Equine laboratories and diagnostics play a crucial role in maintaining the health and well-being of horses. These facilities provide a wide range of services, including:
- Clinical pathology: This involves examining blood, urine, and other bodily fluids to assess the health of the horse's internal organs.
- Hematology: This focuses on the study of blood cells, including their number, size, and shape. It can help diagnose a variety of conditions, such as anemia, infection, and leukemia.
- Clinical chemistry: This involves measuring the levels of various chemicals in the blood, such as enzymes, electrolytes, and hormones. It can help diagnose a variety of metabolic disorders, such as kidney disease, liver disease, and diabetes.
- Serology: This involves testing the blood for antibodies, which are proteins produced by the immune system to fight off infection. It can help diagnose a variety of infectious diseases, such as equine influenza, equine herpesvirus, and West Nile virus.
- Parasitology: This involves examining fecal samples to identify parasites. It can help diagnose a variety of parasitic infections, such as strongylosis, bots, and tapeworms.
- Microbiology: This involves culturing bacteria and fungi from samples of blood, urine, or other bodily fluids. It can help diagnose a variety of infections, such as pneumonia, urinary tract infections, and skin infections.
- Molecular diagnostics: This involves using DNA or RNA testing to diagnose diseases. It can be used to diagnose a variety of genetic disorders, as well as some infectious diseases.
In addition to these routine diagnostic services, equine laboratories and diagnostics also offer a variety of specialized tests, such as:
- Drug testing: This can be used to detect the presence of illegal or performance-enhancing drugs in horses.
- Nutritional testing: This can be used to assess the horse's nutritional status and identify any deficiencies.
- Reproductive testing: This can be used to assess the horse's fertility and identify any abnormalities.
- Genetic testing: This can be used to identify the horse's breed, as well as to test for genetic disorders.
Equine laboratories and diagnostics are an essential part of the equine healthcare system. They provide the information that veterinarians need to diagnose and treat diseases, and they help to ensure the health and well-being of horses worldwide.
Laboratories & Diagnostics
Accuracy of Testing
Recently one of Horsemen’s Laboratory clients asked about the accuracy of our testing methods. Horsemen’s Laboratory was established in 1992 and since then we have done over 46,000 samples. Over the years we have sent samples to the University Of Illinois School Of Veterinary Medicine Department Of Parasitology and to East Tennessee Clinical Research, Inc., a very competent laboratory that does extensive testing and research in the field of parasitology, owned by Craig R. Reinemeyer, DVM, PhD, Dipl. ACVM. The results found at all three laboratories were very comparable; placing each horse in the same category as far as egg shedding was concerned.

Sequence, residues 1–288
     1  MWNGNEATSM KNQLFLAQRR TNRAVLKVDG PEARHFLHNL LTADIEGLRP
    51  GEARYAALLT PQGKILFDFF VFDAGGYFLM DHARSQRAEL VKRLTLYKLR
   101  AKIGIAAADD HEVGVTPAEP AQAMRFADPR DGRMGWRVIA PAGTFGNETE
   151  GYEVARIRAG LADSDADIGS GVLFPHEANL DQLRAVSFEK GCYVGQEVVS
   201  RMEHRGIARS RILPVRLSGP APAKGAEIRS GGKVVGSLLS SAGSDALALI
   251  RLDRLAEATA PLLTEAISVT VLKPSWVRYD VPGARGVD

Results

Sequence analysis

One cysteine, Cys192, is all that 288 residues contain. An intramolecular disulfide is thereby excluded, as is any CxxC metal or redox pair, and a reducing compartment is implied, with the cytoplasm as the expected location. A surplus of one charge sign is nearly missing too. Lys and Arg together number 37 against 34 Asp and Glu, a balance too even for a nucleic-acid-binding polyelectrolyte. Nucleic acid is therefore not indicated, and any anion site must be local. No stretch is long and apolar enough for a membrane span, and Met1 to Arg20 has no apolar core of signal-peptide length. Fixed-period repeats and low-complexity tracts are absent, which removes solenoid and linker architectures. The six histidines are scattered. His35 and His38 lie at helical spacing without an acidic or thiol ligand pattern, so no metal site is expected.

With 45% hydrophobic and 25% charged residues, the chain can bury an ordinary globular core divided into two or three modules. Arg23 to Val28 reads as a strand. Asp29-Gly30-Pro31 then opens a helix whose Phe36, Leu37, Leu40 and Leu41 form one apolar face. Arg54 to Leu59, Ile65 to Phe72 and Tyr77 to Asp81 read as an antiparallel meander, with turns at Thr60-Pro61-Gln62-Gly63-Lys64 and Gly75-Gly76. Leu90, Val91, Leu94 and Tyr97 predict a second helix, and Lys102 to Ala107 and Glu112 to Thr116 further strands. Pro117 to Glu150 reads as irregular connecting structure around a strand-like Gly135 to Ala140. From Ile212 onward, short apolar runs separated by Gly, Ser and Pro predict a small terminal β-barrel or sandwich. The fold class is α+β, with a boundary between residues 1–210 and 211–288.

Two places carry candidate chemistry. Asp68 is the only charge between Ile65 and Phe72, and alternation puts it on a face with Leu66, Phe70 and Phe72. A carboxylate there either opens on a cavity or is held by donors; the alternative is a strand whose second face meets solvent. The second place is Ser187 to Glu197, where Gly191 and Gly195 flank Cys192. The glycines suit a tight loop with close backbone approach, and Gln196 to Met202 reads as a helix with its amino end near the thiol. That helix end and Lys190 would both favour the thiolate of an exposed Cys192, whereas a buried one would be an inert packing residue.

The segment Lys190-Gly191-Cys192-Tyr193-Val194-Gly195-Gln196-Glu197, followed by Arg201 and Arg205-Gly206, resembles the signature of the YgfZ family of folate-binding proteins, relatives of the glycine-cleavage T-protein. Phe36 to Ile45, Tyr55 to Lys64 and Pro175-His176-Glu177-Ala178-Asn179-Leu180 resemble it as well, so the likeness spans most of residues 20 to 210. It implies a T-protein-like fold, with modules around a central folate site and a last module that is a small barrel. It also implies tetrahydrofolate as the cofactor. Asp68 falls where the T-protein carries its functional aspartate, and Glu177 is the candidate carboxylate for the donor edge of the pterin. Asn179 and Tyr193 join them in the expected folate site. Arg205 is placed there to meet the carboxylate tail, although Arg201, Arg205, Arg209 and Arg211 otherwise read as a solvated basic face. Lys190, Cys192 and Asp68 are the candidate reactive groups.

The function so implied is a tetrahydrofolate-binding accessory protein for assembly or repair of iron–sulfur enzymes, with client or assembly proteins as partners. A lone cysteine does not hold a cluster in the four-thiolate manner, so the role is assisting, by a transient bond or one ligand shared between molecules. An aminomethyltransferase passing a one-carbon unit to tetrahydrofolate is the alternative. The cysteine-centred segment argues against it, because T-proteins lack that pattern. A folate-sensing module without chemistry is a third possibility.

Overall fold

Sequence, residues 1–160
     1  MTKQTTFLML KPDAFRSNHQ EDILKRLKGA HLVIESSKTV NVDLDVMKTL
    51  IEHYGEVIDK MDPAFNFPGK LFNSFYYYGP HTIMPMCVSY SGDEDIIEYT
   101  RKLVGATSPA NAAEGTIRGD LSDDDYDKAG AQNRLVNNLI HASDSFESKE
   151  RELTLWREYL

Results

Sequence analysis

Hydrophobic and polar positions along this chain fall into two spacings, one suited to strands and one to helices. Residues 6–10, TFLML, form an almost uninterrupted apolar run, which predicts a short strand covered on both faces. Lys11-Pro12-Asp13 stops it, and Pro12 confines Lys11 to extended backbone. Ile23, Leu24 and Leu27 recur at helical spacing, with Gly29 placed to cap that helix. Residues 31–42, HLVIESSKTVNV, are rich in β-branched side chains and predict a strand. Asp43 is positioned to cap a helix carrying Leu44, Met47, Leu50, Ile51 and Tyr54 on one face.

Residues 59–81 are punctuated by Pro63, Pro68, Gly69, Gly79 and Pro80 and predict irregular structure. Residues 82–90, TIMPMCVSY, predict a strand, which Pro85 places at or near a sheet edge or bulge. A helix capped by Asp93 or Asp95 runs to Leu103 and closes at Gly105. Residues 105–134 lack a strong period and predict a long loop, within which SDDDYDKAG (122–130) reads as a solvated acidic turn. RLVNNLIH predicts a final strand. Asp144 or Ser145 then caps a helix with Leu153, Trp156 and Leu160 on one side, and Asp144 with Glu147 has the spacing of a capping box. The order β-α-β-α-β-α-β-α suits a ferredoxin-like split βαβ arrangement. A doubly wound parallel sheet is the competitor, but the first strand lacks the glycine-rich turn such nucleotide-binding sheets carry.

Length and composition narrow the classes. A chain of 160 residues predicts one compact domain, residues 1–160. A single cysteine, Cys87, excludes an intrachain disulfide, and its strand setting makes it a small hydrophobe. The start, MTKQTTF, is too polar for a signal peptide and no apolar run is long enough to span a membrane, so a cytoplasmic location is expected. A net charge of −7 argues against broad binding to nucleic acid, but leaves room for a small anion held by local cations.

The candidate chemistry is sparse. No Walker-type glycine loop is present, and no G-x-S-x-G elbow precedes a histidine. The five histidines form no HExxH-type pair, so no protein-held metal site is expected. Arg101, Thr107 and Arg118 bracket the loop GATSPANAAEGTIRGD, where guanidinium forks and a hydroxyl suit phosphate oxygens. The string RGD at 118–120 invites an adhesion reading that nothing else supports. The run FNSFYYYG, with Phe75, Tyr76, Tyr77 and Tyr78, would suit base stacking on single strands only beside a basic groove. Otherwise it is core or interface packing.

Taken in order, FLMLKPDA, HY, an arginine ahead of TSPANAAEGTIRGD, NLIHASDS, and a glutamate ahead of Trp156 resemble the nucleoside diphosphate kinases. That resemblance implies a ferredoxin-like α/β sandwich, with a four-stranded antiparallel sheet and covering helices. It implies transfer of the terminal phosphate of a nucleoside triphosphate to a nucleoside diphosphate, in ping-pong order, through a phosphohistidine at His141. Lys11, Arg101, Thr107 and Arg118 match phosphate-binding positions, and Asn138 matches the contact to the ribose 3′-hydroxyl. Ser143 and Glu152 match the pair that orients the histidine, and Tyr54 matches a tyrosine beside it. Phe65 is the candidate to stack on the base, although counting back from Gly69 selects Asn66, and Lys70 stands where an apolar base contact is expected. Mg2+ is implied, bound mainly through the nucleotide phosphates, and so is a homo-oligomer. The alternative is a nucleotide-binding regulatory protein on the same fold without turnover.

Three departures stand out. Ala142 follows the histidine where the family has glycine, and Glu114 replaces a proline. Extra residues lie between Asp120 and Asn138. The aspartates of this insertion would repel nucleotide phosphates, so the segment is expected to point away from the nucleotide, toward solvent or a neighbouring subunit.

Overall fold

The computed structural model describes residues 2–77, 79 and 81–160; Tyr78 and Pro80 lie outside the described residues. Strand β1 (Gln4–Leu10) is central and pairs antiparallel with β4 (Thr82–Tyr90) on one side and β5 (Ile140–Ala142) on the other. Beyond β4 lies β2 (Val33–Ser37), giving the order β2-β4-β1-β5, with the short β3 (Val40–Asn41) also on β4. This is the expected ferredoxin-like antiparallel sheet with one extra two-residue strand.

Why should you do Fecal Egg Counts on your Horse?
How do you know my horse has worms? How do you know you got rid of the worms my horse had? These two questions were commonly asked when I dewormed horses as a general equine veterinarian. My standard response was that the drug companies tell us they work.
When the daily dewormers came on the market many of my clients requested that I get these dewormers for their horses. I often told them I thought it was unnecessary because most of the horses were already being dewormed every 2 months. In addition, 90% of the horses I cared for in southern California were kept in clean box stalls 22 hours a day except when they were being ridden or exercised. I did not see how these horses could have many worms, if any at all. Therefore, I decided to seek the answers to these common questions for myself by doing fecal egg counts before I dewormed my horses.
What I found was that less than 1 out of 20 horses had any eggs in the stool sample to indicate they were infected with adult worms. After consulting with several experts in equine parasitology and recognizing that no one was performing routine fecal egg counts for horse owners, I started Horsemen’s Laboratory to fill this void. I felt owners should have the opportunity to know whether or not their horses had worms rather than just treating them blindly.
The Resistance – Equine Parasites Rise Up
by Doug Thal DVM DABVP
Equine parasites are becoming resistant to our de-worming compounds. This blog post addresses why this is a HUGE CONCERN not only for your horse, but for the entire horse industry.
Recently I had to euthanize a world-class 4-year-old Quarter Horse mare, a real tragedy. She had badly damaged intestines, and after 2 colic operations, we decided to put her down. Her problems were partly brought on by a severe infestation of large roundworms (Ascarids). This type of parasite is common in young horses but VERY rare in adults. My first thought when I saw all the large adult parasites at surgery was “Why isn’t this mare being de-wormed?” When I asked the trainer about her parasite control program though, she said she had been wormed every 5 weeks!
While this mare probably had a very rare “immune tolerance” to these parasites, what was most alarming was that the parasites were able to survive in the face of repeated dousing in de-worming chemicals. These worms were resistant to the de-wormers being used!